Dine or Decline: Ye Olde Landmark Tavern

Dine or Decline: Ye Olde Landmark Tavern

After a long week full of paper writing and unnecessarily large amounts of reading, my room­mate and I were ready for a leisurely, comforting meal to help prepare us for the glorious extra hour of hibernation formally known as daylight savings. Looking for a close and quieter destina­tion, we found ourselves taking the seven-minute journey to Ye Olde Landmark Tavern (6722 State Route 20, Bouckville). This uniquely shaped, multi-sided building was built in 1851 by James Coolidge. Based on the warm, traditional interior and the colonial-styled staff “uniforms,” it appears that the restaurant has effectively preserved the flavor of James Coolidge’s work.

Both the tavern and formal dining room provide a homey and peaceful escape from the fast-paced world racing down Route 20 just beyond the front door. However, do not be fooled, as the Ye Olde Landmark Tavern regularly fills its immense dining rooms with people hungry for a fine dining experience.

My roommate has dined at Ye Olde Landmark Tavern multiple times with her parents and highly recommended numerous dishes, one of which was the prime rib. However, she is not the only lover and advocate of the dish as the restaurant sold out of prime rib by seven o’clock! Not to worry, her other favorites were still in stock.

Based on her suggestion, I ordered the roasted chicken, which was herb rubbed and served on top of mashed potatoes covered in a local ale jus. The meal also included a generously portioned garden salad and the vegetable of the day: butternut squash. The perfectly seasoned and flavorful dish is a fantastic example of satisfying comfort food. That being said, the chicken itself was too dry for my taste. However, my roommate assures me that one of the main reasons she recommended the dish was because when she had previously ordered the roasted chicken it was notably succulent. So, maybe my dry chicken was merely bad luck? Nevertheless, the meal was not ruined as the ale jus helped counteract the dry texture.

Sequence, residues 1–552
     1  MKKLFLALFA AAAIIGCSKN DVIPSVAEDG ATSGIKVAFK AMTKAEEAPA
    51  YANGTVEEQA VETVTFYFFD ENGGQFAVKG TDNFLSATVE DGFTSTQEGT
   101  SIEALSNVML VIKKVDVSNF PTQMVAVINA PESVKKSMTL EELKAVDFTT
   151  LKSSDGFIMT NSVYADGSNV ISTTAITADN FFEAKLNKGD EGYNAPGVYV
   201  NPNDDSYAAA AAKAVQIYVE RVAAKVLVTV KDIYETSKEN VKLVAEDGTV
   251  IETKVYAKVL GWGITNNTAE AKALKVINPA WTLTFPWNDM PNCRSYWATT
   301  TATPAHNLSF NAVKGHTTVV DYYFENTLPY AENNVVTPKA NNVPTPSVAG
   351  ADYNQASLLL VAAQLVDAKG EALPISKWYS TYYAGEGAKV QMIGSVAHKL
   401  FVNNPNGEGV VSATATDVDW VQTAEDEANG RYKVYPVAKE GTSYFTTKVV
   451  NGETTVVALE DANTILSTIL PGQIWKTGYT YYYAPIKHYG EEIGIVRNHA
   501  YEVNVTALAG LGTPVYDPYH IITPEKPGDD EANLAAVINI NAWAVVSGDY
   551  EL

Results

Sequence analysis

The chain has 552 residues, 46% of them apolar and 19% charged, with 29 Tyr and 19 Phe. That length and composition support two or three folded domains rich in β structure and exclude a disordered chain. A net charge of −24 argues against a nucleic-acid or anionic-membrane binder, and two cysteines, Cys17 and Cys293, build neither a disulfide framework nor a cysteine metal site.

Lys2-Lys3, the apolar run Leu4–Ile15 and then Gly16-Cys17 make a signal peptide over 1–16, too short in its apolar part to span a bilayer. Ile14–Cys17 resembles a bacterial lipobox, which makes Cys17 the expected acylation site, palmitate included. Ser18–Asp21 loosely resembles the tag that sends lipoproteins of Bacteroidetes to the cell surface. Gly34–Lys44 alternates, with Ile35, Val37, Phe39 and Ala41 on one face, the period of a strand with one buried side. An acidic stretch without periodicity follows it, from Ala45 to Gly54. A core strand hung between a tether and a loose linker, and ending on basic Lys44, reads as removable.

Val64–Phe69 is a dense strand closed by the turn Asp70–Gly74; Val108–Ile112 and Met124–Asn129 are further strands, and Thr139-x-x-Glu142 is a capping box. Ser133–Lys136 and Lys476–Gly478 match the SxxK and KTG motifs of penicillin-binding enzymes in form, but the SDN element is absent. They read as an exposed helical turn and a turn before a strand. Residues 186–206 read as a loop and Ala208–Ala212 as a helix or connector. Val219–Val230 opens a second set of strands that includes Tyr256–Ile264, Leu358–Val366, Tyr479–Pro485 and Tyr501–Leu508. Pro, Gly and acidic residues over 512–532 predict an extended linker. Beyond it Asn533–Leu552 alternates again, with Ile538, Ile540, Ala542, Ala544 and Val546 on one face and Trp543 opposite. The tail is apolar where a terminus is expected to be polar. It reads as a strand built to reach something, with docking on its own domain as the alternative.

My fellow diner attendee enjoyed the stuffed mushrooms appetizer. The numerous small mushrooms were filled with ample amounts of crabmeat stuffing. She also tried the salad special, which consisted of spinach accompanied by dried cranberries, goat cheese, pumpkin seeds and maple vinaigrette. Although her meal was rather straightforward and lacked any surprise or “wow factor,” she had no complaints.

Despite the predictable nature of both our meals, the rich meal did not fail to reach our high expectations. The menu includes an extensive variety of seafood options such as crab, haddock, salmon and a medley of shellfish, each prepared in a unique way that surely will not disappoint. The appetizers range in price from $5 to $17; the latter price is for the Alaskan King Crab legs. The main entrees cost anywhere from $18 for the roasted chicken or pork tenderloin, up to $36 for a full meal of the crab legs. The majority of the meals are priced in the lower twenties.

I would highly encourage others to visit the Ye Olde Landmark Tavern as each dish is unique and undeniably tempting. Upon further reflection, I feel that my roommate and I failed to select dishes that do the lively menu justice. The restaurant provides a lovely fine dining experience that is sure to leave you satisfied and, in our case, tragically too full for the alluring dessert menu. However, this is just more motivation to return and further sample all that the Ye Olde Landmark Tavern has to offer.